April 23, 2020
How IT Can Talk to the Finance Team
Communication between different departments is critical to success. This is particularly true when it comes to the relationship between IT and finance. A failure to communicate can result in project approval delays or even failing to get approval at all. We spoke to the OST finance team to gain some insights into how IT can more meaningfully connect with the finance team.
The conversation started with a look at the differences between capital expenditures (CAPEX) and operating expenditures (OPEX) to understand why there can be friction between finance and IT when it comes to budgets, projects and more.
How can IT talk to the finance team about CAPEX, OPEX and how they can best utilize them to benefit the business?
First, we need to understand the difference between CAPEX and OPEX and how they impact the finance team. OPEX includes expenses that occur every single year on the income statement. At a high level, the biggest difference between OPEX and CAPEX is that they come out of two different funding sources.
OPEX is part of that day to day income statement and expense. You get an invoice; you have to pay it. That is typically one budget, and it is usually managed by the IT director. The IT director, manager or department has their own budget for the year’s expenses.
The capital budget, including capital expenditures, typically comes out of a completely different budget, and that is usually managed by the finance team. So while IT tends to have more discretion with OPEX, the finance team solicits information from across all of the different teams to ask what major purchases are anticipated, and they’ll combine them into the CAPEX budget.
What are some of the ways that IT typically deals with OPEX and CAPEX budget issues?
Typically, OPEX includes items such as salaries, vendor contracts, supplies, utilities, travel, advertising and XaaS. CAPEX are large expenditures that are happening, such as data center investments and refreshes. Capital expenditures can also include items such as computer equipment, office equipment, furniture and fixtures and intangible assets.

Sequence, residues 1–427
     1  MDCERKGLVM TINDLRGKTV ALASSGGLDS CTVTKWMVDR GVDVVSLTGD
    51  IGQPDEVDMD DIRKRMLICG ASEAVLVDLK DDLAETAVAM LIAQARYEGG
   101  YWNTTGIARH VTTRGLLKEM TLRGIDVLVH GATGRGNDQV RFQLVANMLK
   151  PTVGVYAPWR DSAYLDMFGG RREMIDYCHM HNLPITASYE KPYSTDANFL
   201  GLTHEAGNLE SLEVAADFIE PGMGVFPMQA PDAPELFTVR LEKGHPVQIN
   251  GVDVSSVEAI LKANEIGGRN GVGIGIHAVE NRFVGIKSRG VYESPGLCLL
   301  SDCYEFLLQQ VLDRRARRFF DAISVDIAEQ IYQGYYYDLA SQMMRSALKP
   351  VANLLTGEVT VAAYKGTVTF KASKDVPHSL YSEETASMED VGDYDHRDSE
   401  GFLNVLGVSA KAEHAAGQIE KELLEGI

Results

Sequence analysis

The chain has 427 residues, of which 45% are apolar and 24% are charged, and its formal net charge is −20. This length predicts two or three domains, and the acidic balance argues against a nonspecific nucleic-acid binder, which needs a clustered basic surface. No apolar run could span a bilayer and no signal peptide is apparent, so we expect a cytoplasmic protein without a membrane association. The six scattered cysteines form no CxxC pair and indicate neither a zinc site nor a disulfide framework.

Which is better for a business when it comes to IT: Funding focused on a CAPEX or OPEX model?
Typically, CAPEX and OPEX considerations with IT are related to infrastructure and the data center. All the hardware for data storage, networking, computing and other crucial business functions is expensive and falls into the category of capital expenditures. Many enterprises have their own, extensive data centers that they have built and maintained for decades.
With the rise of cloud computing (and its simultaneous decreasing cost), organizations can essentially set up all their infrastructure in the cloud and just pay for a subscription based on what they need. Infrastructure as a service (IaaS) and other “anything as a service” (XaaS) options allow enterprises to pull their spending out of CAPEX and into OPEX.
Today, most IT departments understand the value of moving some, or all, of their infrastructure to the cloud and utilizing XaaS: less overhead, instantaneous scaling (both up and down), predictable costs, better utilization of in-house team members, etc.
But the shift to XaaS and OPEX has other finance-related implications:
• All of that hardware that would have been in that CAPEX budget historically is now moving to the OPEX.
• From a company’s perspective, if nothing else changes, all of a sudden your net income would go down. You are pulling the expense into your income statement.
• The positive is that you no longer have all of these assets sitting on your balance sheet. You then don’t have the debt traditionally associated these assets.
• From a cash flow perspective, you don’t have to do an outlay every few years; you plan for an every single month expense. This shift to XaaS and OPEX has benefits.
How can the IT team get the conversation started about slowly (or quickly) transitioning to XaaS and the implications of that on their budgets?